In an exchange she transcribed for a letter to the department, Harris had asked the attorney general if the White House had ever asked or suggested that Barr or the justice department open any specific investigations. He struggled to answer her clearly:
Senator Harris: Attorney General Barr. has the President or anyone at the White House ever asked or suggested that you open an investigation of anyone?
Attorney General Barr: Um. I wouldn’t ... I wouldn’t. uh—
Senator Harris: Yes or No?
Attorney General Han: Could you ... could you repeat that question?
Senator Harris: I will repeat it. Has the President or anyone at the White House ever asked or suggested that you open an investigation of anyone? Yes or no please, sir.
Attorney General Barr: Urn, the President or anybody...
Senator Harris: Seems you would remember something like that and be able to tell us.
Attorney General Barn Yeah, but I’m. I’m trying to grapple with the word ‘suggest.’ I mean, there have been discussions of. of matters out there that. uh- - the> have not asked me to open an investigation. But...
Senator Harris: Perhaps they’ve suggested?
Attorney General Barr: I don’t know. I wouldn’t say suggest...
Senator Harris: Hinted?
.Attorne General Ham I don’t know.
Senator Harris: Inferred? You don’t know?
Attorney General Barr: No.
Watch the clip here:
The letter to Inspector General Michael Horowitz said that she had "grave concern about the independence" of Barr, saying that the White House directing the opening of investigations "strikes at the very heart of the rule of law and threatens to undermine the longstanding independence of the Justice Department."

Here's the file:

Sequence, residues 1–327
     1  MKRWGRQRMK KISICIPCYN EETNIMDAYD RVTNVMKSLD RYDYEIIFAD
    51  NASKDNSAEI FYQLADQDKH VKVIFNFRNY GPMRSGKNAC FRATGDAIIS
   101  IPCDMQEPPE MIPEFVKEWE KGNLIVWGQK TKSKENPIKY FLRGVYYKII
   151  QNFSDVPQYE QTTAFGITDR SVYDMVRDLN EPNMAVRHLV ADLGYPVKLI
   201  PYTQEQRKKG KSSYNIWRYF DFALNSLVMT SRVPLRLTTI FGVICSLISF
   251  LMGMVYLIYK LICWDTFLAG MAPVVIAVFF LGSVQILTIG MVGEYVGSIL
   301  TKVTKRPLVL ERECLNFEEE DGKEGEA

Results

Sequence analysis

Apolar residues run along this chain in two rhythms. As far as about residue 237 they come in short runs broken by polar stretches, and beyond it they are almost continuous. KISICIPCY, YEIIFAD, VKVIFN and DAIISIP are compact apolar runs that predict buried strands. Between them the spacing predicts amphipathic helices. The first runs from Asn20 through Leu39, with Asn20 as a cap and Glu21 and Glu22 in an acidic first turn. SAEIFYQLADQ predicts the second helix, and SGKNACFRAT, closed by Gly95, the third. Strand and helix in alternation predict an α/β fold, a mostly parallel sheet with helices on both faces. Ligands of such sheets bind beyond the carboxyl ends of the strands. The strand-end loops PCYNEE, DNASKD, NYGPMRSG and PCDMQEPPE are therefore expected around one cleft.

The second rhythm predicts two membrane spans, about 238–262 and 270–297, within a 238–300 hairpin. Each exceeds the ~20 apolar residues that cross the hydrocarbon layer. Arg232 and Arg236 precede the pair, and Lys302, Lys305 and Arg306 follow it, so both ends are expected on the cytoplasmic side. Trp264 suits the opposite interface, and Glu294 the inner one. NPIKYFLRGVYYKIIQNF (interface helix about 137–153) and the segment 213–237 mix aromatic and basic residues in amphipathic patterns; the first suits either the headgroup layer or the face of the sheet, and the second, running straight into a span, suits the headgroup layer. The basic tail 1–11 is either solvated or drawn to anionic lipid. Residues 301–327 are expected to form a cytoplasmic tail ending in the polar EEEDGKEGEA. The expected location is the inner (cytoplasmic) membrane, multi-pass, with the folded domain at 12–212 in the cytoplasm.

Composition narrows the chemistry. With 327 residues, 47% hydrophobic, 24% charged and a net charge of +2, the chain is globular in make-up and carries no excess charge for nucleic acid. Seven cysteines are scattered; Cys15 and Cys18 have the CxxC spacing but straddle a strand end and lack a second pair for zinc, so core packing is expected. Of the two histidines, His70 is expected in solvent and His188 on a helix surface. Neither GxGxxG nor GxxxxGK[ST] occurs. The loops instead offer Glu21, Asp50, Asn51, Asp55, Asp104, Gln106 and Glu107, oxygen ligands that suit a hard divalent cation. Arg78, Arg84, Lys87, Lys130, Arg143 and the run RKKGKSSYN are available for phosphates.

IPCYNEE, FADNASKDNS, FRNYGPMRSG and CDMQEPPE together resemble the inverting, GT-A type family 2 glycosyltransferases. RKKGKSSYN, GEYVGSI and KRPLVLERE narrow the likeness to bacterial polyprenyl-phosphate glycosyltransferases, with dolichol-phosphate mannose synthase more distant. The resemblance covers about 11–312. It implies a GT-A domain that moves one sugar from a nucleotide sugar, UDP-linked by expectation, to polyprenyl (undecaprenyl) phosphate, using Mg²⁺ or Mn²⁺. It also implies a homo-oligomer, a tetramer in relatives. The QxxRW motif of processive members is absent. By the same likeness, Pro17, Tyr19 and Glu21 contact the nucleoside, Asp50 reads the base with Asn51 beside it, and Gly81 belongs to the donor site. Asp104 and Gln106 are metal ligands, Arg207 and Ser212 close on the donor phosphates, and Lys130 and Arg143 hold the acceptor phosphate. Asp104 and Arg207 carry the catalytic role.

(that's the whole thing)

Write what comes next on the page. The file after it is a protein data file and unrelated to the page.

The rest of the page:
She also noted that there's good reason to think the president might be trying to corruptly influence the department.
"Such inappropriate requests by the President have been well documented," she wrote. "For instance, in addition to investigating the Russian influence operation, Special Counsel Mueller also examined the President's conduct with regard to the Russia probe and documented a disturbing pattern of behavior on the part of the President—repeated attempts to target his perceived opponents using the power of federal lass enforcement."
In particular, Mueller documented Trump asking then-Attorney General Jeff Sessions at least three times to open an investigation into Hillary Clinton. Some, including Lawfare's Ben Wittes, has argued that this request alone is an impeachable offense.
She noted that Barr was "unable or unwilling [to] answer the question" of whether such requests have been made of him. She therefore asked that the inspector general investigate "whether the Attorney General has received or acted upon requests or suggestions, whether implied or explicit, to investigate the president's perceived enemies."
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